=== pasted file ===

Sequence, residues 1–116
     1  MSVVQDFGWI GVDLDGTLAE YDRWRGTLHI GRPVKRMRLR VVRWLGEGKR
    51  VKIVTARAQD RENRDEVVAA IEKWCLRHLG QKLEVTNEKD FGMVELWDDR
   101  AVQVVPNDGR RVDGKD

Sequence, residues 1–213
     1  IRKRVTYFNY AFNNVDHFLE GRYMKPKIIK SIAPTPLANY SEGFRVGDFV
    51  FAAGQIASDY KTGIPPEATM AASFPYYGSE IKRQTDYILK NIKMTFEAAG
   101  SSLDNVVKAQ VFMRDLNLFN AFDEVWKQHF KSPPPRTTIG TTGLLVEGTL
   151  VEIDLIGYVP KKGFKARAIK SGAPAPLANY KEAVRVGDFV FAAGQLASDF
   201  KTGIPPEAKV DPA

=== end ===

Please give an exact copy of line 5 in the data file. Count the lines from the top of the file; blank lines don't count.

Sequence, residues 1–213